The good news is that VA hospitals and residential facilities are part of the growing groups incorporating more holistic approaches to treatment plans. Together, researchers, clinicians, and community groups are bringing our servicemen and women home, in body and in mind. It is my hope that we bring this awareness to our community and to the veterans who have committed their life to protect ours. Today, we are not only aware of trauma and the chaos it can leave in its wake, but we recognize the possibility of wholeness, of betterment, and of the return to life beyond the trauma.

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What else?

Trauma may result from a wide variety of stressors such as accidents, invasive medical procedures, sexual or physical assault, emotional abuse, neglect, war, natural disasters, loss, birth trauma, or the corrosive stressors of ongoing fear and conflict. SE facilitates the completion of self-protective motor responses and the release of thwarted survival energy bound in the body, thus addressing the root cause of trauma symptoms. This is approached by gently guiding clients to develop increasing tolerance for difficult bodily sensations and suppressed emotion.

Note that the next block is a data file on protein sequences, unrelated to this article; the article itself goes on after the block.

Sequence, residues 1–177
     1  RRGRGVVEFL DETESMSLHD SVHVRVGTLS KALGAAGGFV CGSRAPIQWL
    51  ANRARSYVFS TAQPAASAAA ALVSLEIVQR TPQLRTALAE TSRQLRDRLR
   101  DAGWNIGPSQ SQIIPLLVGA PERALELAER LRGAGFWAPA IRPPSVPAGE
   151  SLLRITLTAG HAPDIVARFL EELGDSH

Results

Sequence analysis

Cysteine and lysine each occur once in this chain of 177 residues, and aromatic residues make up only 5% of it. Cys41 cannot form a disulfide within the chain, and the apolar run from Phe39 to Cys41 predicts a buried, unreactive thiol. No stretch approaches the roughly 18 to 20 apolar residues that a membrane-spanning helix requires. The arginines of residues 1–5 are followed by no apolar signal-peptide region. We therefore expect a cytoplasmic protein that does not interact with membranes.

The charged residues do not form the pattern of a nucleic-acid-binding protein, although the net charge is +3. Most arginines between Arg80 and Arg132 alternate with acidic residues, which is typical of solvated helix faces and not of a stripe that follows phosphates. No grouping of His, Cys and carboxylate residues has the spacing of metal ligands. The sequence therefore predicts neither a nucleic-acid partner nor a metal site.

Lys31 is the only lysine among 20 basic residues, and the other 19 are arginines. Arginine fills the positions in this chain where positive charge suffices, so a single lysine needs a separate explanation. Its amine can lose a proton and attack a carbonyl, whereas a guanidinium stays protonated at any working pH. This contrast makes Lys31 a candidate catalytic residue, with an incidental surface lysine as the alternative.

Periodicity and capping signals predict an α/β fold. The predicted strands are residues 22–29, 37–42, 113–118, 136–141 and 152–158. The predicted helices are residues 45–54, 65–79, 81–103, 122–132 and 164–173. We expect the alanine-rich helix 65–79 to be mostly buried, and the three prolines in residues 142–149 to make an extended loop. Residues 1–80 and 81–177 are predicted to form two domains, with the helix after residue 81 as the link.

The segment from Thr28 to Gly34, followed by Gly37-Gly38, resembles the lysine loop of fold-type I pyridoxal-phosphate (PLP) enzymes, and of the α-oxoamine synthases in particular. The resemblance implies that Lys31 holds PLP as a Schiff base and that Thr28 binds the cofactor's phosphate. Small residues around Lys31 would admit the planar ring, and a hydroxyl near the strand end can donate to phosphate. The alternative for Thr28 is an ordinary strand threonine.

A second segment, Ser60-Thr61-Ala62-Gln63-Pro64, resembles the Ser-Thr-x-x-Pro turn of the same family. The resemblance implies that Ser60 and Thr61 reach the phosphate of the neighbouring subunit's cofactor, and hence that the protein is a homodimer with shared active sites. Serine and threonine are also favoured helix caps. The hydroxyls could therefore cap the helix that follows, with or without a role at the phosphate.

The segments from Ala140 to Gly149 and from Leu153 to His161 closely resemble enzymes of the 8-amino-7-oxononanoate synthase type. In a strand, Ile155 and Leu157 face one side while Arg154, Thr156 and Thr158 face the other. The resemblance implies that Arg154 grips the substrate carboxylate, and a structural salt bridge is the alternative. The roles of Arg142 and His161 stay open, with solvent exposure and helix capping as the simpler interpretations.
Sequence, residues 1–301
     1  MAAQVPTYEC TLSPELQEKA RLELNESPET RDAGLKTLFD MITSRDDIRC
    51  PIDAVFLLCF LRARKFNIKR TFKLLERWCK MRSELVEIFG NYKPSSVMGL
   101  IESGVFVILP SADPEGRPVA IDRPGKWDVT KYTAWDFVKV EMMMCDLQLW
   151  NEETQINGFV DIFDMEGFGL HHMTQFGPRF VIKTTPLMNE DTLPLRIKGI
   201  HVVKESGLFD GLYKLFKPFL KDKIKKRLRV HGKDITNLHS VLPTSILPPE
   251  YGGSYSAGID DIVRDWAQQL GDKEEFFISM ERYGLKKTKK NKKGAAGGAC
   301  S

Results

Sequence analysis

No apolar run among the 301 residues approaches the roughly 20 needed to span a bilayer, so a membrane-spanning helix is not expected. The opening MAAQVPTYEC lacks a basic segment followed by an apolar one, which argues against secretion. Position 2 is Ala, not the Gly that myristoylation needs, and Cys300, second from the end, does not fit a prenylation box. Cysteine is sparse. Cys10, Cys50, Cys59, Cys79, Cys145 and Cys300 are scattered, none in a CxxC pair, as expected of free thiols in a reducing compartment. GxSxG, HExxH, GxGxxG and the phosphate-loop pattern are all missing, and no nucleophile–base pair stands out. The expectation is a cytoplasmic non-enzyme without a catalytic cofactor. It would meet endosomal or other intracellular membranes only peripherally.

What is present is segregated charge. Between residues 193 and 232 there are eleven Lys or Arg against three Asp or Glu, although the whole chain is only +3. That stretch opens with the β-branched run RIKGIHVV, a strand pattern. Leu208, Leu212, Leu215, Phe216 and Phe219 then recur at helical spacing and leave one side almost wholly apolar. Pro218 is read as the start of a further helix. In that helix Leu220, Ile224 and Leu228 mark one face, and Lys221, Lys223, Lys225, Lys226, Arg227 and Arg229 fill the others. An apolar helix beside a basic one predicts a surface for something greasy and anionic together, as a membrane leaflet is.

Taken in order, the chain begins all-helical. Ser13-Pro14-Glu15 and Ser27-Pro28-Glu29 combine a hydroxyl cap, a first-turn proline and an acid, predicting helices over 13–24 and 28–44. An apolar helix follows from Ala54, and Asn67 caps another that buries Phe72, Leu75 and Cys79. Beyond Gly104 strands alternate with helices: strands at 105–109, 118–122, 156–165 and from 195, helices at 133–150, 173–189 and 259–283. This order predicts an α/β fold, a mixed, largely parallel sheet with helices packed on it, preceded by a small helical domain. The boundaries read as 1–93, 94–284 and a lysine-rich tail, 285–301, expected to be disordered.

SE offers a framework to assess where a person is “stuck” in the fight, flight or freeze responses and provides clinical tools to resolve these fixated physiological states. It provides effective skills appropriate to a variety of healing professions including mental health, medicine, physical and occupational therapies, bodywork, addiction treatment, first response, education, and others— Excerpt taken from SETI.

Somatic Experiencing (SE) is a body-oriented approach to the healing of trauma and other stress disorders resulting from multidisciplinary study of stress physiology, psychology, ethology, biology, neuroscience, indigenous healing practices, and medical biophysics, together with over 45 years of successful clinical application. The SE approach releases traumatic shock, which is key to transforming PTSD and the wounds of emotional and early developmental attachment trauma. Trauma may begin as acute stress from a perceived life-threat or as the end product of cumulative stress. Both types of stress can seriously impair a person’s ability to function with resilience and ease. Excerpt taken from SETI

An Embodied approach to healing